Expression of the transgene mRNA and protein was detected consistently after daily administration of mifepristone at 1,000 μg/kg/day for 16 days. Shorter durations or lower doses of administration of mifepristone did not consistently induce expression of the transgene. The results of RT-PCR (in three lines, Fig. 1C) and immunoblotting (in one line, Fig. 1C) confirmed expression of the cTnT-Q92 mRNA and protein, respectively. No significant cTnT-Q92 expression was detected in bigenic mice injected with a placebo or in the target monogenic mice. The relative expression level of the induced transgene cTnT was low in all lines and comprised <10% of the total cTnT mRNA in the heart. Transgene protein and mRNA were not detected 16 days after discontinuation of mifepristone (Fig. 1D).
In the long-term study, 2 of 9 bigenic mice died 3 and 9 days after mifepristone injection, in contrast to 0 of 11 NTG mice injected with mifepristone or 0 of 9 bigenic mice injected with the placebo. Baseline echocardiographic indices were unremarkable in two mice that died after induced transgene expression. Because these mice were found dead, no histologic or molecular studies were performed.
Myocardial systolic and diastolic function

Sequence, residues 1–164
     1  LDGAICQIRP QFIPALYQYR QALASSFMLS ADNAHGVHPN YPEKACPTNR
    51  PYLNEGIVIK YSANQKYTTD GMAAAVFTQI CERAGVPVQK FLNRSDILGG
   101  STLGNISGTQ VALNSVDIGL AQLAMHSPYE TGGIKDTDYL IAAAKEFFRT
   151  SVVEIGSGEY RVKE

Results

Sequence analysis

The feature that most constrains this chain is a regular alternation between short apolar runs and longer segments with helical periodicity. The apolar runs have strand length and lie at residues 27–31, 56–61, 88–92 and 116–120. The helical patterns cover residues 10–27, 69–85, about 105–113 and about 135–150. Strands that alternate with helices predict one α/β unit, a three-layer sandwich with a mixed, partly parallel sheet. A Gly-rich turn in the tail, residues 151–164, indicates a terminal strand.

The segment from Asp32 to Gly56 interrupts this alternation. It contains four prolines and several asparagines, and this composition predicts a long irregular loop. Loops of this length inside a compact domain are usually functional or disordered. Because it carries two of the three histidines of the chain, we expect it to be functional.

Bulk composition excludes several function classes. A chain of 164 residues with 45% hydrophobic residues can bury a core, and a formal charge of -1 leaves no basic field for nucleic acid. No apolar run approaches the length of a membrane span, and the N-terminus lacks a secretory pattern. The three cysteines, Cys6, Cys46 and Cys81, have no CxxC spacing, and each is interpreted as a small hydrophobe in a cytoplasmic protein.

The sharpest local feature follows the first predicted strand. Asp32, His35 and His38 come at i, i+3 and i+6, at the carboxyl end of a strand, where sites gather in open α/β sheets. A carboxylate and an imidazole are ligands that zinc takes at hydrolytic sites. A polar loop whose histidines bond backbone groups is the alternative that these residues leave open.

Echocardiographic indices of myocardial function were compared at the baseline before injection of mifepristone; 16 and 70 days after induction of expression of the cTnT-Q92 in the heart; and 16 days and 70 days after discontinuation of mifepristone administration. The results were remarkable for a smaller left ventricular (LV) end-systolic diameter, increased LV fractional shortening, LVEF, velocity of circumferential fiber shortening, and maximum aortic flow velocity in induced state at both time points (16 and 70 days) compared with the baseline values. There were no significant differences in the LV wall thickness, end-diastolic diameter, or mitral inflow early (E), late (A), and E/A. However, deceleration time of E velocity was prolonged in the bigenic mice injected with mifepristone. Table 1shows the summary of echocardiographic data at the baseline, 16 days after induced gene expression, and 16 days after discontinuation of mifepristone injection (data for 70 days induced expression were largely similar, except the mean heart rate was 462 ± 71 beats/min, and are not shown). Discontinuation of mifepristone led to reversal of the echocardiographic phenotypes. Representative M-mode echocardiographic views of the left ventricle in bigenic mice before and after switching on and off expression of the cTnT-Q92 transgene are shown in Figure 2.There were no discernible differences in induced cardiac phenotypes among the three lines used in these experiments. There were no significant changes in other echocardiographic indices. In addition, echocardiographic indices of cardiac systolic function were not significantly different among NTG, monogenic target (TATA-cTnT-Q92), and monogenic regulator (GLp65) mice. The LV fractional shortening, LVEF, and velocity of circumferential fiber shortening values were 28.8 ± 3.9, 60.2 ± 7.2, and 4.6 ± 0.83 in NTG mice (Table 1); 27.6 ± 2.01, 58.3 ± 8.2, and 4.3 ± 0.74 in monogenic target mice; and 29.3 ± 2.45, 61.5 ± 6.7, and 4.7 ± 0.54 in monogenic regulator mice. Injection of mifepristone, at 1,000 μg/kg/day, to NTG mice alone had no significant effects on LV systolic function or other echocardiographic indices (Table 1).